The landmark Supreme Court decision Roe v. Wade, which legalized abortion nationwide, was overturned in 2022 by a conservative majority on the Court. With the overturning of Roe v. Wade, it has become more difficult for women across the United States to access safe and legal abortion services. However, what is often overlooked is the impact this change in law has on fertility clinics and their patients.
Personhood Bills and their Potential Impact on Fertility Treatments
When people undergo IVF or other fertility treatments, they may end up with multiple embryos. In some cases, these embryos are not used and are frozen for future use. However, the overturn of Roe v. Wade has opened discussion regarding “personhood bills” in some states. These bills suggest that embryos should be given the same legal status as living humans, which could have serious consequences for fertility clinics and their patients.
Personhood bills, which have been given more attention since the overturn of Roe V. Wade, seek to define life as beginning at conception. This would mean that embryos would be considered full human beings, with all the legal protections and rights that come with that status. In practice, this would mean that fertility clinics would be unable to destroy or donate unused embryos without potentially facing criminal charges for murder.
The impact of personhood bills on fertility clinics and their patients is difficult to overstate. Fertilizing one egg at a time to hopefully create one embryo at a time is not only inefficient, success rates would significantly be affected. Furthermore, the cost of IVF, while already high, would become such an expensive endeavor that many would not be able to afford it. Even if fertility clinics were to drastically alter their practices, personhood laws could effectively create a liability that fertility clinics would struggle to overcome. Fortunately, there are many organizations throughout the country that are actively monitoring and fighting these types of bills. As of now, no such bill has become law.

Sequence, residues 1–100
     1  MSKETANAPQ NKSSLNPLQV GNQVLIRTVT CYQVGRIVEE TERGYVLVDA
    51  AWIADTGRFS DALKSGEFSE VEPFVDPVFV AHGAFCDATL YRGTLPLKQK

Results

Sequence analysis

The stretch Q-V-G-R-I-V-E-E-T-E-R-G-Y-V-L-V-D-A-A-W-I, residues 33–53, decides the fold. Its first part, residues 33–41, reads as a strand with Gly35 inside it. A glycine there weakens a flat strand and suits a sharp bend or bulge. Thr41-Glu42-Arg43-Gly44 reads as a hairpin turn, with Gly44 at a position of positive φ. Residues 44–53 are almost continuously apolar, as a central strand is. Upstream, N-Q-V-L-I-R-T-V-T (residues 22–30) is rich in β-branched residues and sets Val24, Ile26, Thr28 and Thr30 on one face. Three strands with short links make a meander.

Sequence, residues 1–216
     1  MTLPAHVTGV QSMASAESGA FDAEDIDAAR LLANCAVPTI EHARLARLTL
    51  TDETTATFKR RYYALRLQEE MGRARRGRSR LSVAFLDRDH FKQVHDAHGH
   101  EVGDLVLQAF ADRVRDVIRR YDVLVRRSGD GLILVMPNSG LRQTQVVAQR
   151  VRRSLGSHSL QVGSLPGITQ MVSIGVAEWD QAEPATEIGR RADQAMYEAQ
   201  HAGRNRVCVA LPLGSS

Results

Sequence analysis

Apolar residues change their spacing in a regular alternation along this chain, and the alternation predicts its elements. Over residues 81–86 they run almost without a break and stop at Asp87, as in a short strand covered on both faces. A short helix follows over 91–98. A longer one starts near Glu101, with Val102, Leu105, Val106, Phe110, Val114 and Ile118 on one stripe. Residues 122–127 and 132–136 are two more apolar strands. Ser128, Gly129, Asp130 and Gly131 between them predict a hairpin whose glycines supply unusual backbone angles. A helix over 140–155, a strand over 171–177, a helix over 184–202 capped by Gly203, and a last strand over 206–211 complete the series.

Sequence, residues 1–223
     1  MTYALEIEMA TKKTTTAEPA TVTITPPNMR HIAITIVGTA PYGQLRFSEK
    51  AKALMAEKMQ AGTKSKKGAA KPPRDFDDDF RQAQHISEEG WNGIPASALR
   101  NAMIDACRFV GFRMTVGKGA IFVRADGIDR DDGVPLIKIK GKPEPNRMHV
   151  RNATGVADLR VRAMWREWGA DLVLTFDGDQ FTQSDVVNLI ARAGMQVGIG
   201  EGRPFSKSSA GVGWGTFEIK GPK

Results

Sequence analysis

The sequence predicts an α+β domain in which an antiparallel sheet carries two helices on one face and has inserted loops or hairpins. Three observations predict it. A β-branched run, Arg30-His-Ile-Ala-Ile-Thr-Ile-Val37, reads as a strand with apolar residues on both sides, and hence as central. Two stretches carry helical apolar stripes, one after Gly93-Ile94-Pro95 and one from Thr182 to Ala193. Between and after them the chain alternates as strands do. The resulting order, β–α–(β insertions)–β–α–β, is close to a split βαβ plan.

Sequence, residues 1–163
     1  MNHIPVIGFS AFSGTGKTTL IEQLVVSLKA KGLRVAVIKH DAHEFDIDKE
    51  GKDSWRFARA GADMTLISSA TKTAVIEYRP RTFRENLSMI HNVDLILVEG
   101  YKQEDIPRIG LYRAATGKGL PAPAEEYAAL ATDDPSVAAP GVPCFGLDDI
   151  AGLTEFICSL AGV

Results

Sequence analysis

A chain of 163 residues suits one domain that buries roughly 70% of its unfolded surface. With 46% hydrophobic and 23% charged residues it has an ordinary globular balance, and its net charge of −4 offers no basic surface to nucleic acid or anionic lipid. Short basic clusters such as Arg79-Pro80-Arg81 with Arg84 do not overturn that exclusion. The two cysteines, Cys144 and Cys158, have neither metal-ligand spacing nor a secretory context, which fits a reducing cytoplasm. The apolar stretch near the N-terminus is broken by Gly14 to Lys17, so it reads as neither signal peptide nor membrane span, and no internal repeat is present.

Legal Challenges Fertility Clinics May Face After the Overturn of Roe v. Wade
Since the overturn of Roe V. Wade, fertility clinics may face legal challenges if they provide services that could be construed as “aiding or abetting” an abortion. For example, if a patient has a medical condition that makes it dangerous to carry a pregnancy to term, the clinic may recommend termination. In a world where embryos are given full legal status as humans, clinics could be sued for providing these services, even if they are medically necessary.
With all this being said, the overturn of Roe V. Wade has currently not affected the practice of fertility treatments, IVF, egg donation, embryo banking, embryo donation, or surrogacy at this time. While there are many states that have enacted trigger laws, those were also the states where abortion access was already strictly limited, effectively not changing much in practice. However, this is a rapidly changing issue and it is always wise to keep current laws in mind.
Protecting Reproductive Autonomy: Advocating for Fertility Clinic Patients
In conclusion, the overturn of Roe v. Wade has had a significant impact on women’s access to safe and legal abortion services across the United States. However, it is important to also recognize the potential impact of personhood bills on fertility clinics and their patients. The options available to patients are now more limited, and clinics may face legal challenges in providing necessary medical care. As the debate over reproductive rights continues, it is crucial that we consider the full scope of its impact on women’s health and reproductive autonomy. At Elevate, we believe that together we can work towards a future where all individuals have the right to make informed decisions about their own bodies and healthcare.